In addition to the unique catalytic elements related to initiation of PTGS, cosuppressed plant lines also display a striking systemic spread of PTGS termed systemic acquired silencing.33 Voinnet and Baulcombe (1997) showed that transient ectopic expression of a sense GFP transgene in a single leaf of GFP-expressing Nicotiana benthamiana plants caused a local initiation of PTGS which gradually spread throughout the plant, resulting in almost complete silencing.34 The spread of PTGS mirrored the movement of cytoplasmic RNA viruses, with cell-to-cell transmission presumably through plasmodesmata and long-distance transmission through phloem. Similarly, several groups have demonstrated that cosuppression is graft-transmissible to nonsilenced plants.33,35,36 The systemic silencing signal is apparently stable and pervasive, as PTGS was transmitted from a GUS-cosuppressed rootstock to a GUS-expressing scion through 30 cm of wild-type (nonGUS-expressing) stem.33 Plants displaying antisense-mediated PTGS and RNAi appear incapable of systemic silencing (Escobar and Dandekar, unpublished results).36 This suggests that a signal required for systemic silencing is generated during the catalytic reactions specific to dsRNA production in the cosuppression pathway. The nature of this systemic silencing signal is unknown, but the sequence-specific nature of the signal suggests the existence of a nucleic acid component.

Virus-Induced Gene Silencing (VIGS)

Nepoviruses, caulimoviruses, and several other types of RNA virus induce an unusual pattern of symptom development, called recovery, on some host plants.10 Infected plants initially display severe localized symptom development and high viral load, but tissues which emerge subsequent to the initial infection are a symptomatic and show very low virus accumulation. These “recovered” tissues are resistant to subsequent infection by the inducing virus as well as other closely related viruses. Ratcliff et al (1997) demonstrated that viral recovery is mediated by a PTGS-like RNA degradation mechanism which is post-transcriptional and homology dependent.10,37 The finding that tobacco plants infected with potato virus X (PVX) accumulate PVX-homologous siRNA conclusively demonstrated that plant viruses can be potent initiators and targets of PTGS.12 Subsequently, several laboratories have developed recombinant viral vectors designed to initiate PTGS in plants.37,38 Silencing of transgenes and endogenous genes can be efficiently induced by the integration of as little as 23 nt of target gene sequence into these viral vectors.39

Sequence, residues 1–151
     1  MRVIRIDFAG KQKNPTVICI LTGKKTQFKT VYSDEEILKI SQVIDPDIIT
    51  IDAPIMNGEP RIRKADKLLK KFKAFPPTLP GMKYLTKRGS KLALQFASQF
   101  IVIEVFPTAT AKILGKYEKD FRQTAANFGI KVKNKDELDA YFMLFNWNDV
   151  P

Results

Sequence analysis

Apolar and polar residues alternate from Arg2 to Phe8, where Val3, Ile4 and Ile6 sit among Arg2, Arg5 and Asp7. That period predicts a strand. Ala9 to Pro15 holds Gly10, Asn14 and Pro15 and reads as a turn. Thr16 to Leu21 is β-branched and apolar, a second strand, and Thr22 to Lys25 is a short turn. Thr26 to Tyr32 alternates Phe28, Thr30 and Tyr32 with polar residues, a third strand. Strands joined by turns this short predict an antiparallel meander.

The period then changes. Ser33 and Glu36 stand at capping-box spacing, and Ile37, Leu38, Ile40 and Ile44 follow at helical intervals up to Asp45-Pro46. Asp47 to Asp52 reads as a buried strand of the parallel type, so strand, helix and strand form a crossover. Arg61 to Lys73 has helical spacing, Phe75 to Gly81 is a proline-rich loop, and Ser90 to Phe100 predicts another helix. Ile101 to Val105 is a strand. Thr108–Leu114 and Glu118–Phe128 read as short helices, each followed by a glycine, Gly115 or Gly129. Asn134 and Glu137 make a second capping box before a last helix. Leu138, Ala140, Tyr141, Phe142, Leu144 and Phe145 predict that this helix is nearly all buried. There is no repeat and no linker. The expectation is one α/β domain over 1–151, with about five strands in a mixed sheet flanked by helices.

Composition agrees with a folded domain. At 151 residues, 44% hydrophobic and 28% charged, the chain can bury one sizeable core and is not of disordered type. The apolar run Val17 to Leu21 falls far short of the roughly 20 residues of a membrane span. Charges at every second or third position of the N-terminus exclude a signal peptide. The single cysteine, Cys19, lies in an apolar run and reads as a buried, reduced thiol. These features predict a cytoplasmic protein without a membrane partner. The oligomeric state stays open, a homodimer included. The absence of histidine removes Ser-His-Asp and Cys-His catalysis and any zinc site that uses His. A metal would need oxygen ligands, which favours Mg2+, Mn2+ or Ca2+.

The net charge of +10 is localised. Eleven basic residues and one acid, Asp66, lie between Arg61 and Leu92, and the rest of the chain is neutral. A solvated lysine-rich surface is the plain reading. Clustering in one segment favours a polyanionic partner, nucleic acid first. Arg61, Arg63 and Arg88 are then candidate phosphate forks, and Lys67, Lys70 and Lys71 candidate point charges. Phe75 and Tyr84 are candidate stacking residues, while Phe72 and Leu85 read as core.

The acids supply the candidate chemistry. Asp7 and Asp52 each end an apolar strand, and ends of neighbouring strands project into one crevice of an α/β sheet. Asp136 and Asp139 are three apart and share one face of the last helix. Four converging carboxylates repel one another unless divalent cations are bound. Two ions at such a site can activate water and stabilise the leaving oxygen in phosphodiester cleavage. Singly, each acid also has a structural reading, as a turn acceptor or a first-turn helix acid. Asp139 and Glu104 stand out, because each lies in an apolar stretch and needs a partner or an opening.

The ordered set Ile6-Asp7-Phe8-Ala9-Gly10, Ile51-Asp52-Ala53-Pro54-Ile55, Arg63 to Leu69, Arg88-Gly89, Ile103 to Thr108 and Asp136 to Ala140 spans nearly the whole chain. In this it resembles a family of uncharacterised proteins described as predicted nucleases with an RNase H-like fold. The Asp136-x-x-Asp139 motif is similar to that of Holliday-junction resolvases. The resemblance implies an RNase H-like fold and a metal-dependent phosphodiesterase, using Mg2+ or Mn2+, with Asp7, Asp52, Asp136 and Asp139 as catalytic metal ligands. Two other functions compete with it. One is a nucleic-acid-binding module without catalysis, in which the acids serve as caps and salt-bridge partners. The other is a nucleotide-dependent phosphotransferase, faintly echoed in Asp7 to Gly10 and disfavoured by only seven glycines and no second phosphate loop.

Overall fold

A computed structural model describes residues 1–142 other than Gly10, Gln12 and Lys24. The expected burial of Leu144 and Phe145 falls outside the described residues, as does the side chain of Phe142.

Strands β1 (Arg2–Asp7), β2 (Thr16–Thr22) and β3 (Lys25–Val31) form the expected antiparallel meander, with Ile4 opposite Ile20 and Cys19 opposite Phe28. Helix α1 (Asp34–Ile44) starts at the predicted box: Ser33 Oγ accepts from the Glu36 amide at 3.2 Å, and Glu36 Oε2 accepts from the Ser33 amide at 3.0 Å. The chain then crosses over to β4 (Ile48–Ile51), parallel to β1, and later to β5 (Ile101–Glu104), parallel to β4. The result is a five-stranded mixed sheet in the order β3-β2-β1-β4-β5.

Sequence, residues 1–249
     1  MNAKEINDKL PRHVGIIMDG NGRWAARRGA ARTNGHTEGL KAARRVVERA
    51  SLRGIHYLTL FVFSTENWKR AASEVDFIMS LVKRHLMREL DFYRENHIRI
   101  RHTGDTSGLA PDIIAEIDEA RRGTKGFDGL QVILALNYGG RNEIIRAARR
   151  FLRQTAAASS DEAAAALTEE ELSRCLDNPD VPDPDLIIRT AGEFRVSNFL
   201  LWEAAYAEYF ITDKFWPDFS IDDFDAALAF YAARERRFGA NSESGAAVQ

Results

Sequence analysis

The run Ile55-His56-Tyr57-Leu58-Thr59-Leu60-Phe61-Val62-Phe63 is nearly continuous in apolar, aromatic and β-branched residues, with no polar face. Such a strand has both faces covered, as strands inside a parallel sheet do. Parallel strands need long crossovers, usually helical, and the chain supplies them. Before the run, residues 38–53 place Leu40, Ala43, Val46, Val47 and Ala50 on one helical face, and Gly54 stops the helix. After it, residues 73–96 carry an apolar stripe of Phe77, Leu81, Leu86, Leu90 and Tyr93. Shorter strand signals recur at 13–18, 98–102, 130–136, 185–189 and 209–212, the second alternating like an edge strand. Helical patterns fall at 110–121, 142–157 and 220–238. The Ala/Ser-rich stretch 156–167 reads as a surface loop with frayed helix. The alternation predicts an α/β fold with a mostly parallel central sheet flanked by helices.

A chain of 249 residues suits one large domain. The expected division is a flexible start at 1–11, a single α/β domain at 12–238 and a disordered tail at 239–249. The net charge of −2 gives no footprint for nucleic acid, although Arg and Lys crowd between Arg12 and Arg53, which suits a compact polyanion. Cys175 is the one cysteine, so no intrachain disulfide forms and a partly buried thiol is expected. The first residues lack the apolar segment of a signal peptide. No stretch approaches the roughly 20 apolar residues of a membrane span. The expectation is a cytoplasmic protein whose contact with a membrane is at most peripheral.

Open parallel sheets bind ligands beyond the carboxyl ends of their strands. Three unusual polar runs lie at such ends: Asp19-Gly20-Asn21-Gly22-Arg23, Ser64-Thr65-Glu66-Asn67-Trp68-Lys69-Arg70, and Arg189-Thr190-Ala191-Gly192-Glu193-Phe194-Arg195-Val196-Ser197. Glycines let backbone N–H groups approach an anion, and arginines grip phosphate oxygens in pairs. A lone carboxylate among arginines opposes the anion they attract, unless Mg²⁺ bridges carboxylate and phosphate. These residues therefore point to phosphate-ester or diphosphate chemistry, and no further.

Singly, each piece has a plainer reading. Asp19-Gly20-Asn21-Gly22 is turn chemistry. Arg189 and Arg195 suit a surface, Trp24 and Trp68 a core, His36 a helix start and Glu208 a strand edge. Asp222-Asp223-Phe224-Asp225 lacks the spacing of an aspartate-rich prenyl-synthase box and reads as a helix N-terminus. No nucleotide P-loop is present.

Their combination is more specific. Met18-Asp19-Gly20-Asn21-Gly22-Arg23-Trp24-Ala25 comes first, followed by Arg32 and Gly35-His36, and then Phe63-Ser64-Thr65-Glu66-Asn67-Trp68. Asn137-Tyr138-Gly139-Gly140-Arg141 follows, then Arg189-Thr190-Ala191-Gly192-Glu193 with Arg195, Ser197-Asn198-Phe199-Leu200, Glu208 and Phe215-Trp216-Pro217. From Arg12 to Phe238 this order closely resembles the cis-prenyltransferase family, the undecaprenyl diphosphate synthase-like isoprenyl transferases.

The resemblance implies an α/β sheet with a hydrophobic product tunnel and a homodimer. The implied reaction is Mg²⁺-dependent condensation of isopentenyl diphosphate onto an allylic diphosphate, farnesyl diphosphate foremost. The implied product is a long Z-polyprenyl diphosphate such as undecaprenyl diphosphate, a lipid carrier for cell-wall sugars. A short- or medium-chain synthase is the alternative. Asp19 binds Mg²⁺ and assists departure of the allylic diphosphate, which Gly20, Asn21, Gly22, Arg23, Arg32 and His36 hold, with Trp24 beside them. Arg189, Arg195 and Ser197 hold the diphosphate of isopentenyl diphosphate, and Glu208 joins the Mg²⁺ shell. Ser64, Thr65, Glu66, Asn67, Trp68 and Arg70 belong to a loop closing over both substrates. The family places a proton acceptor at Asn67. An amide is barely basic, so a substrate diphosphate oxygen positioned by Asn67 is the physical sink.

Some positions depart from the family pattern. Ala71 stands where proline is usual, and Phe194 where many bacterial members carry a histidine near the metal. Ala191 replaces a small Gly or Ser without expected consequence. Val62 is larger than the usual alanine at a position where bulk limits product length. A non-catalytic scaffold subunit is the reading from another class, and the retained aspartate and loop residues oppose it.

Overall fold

The utilization of PTGS-inducing recombinant viral vectors has allowed the dissection of several unique characteristics of VIGS. Like cosuppression, VIGS is systemic, as demonstrated by the spread of silencing from a single leaf infiltrated with a coat protein mutant (cell autonomous) recombinant PVX vector.40 The same study showed that the viral protein p25 is capable of suppressing the systemic silencing effect caused by either cosuppression or VIGS. Importantly, p25 had a differential effect on the local induction of silencing in the infiltrated leaf depending on whether the inducer of PTGS was sense RNA or virus. The high-efficiency induction of local silencing by over expression of sense mRNA was completely blocked by p25, but induction of PTGS in tissues expressing the viral vector was unaffected.40 In combination with mutant studies showing that VIGS can operate independent of several plant-encoded enzymes which are required for cosuppression (see above), these results suggest that viruses may produce dsRNA via two independent pathways.40 The direct production of dsRNA viral replication intermediates by the virus-encoded RdRP likely provides the sde1/sgs2-independent, p25-resistant inducer of PTGS. In addition, abundant single stranded viral genomic RNA and mRNA could independently trigger dsRNA synthesis through the plant-encoded, cosuppression-type pathway, thus leading to production of the systemic silencing signal.

A General Model for dsRNA Production in Plants

Homology dependent RNA degradation and siRNA, the key elements that unify antisense-mediated gene silencing, cosuppression, RNAi, and VIGS, are thought to act downstream of dsRNA production in the PTGS pathway.32,41 The evidence above suggests that the various initiators of PTGS in plants differ primarily in their mechanism(s) of dsRNA production.40,42 Cosuppression, and to some extent VIGS, appear to produce dsRNA from sense RNA via a catalytic mechanism requiring the plant genes sde1/sgs2, sde3, ago1, and sgs3. This “indirect” pathway is wholly inhibited by the p25 viral protein and generates an as yet uncharacterized systemic silencing signal. In contrast, antisense-mediated silencing, RNAi, and VIGS produce dsRNA through homologous pairing or through catalytic reactions independent of the plant-encoded genes described above. This “direct” pathway is p25-resistant and does not generate systemic silencing. A simplified binary model of dsRNA production in plants is presented in (Fig. 1).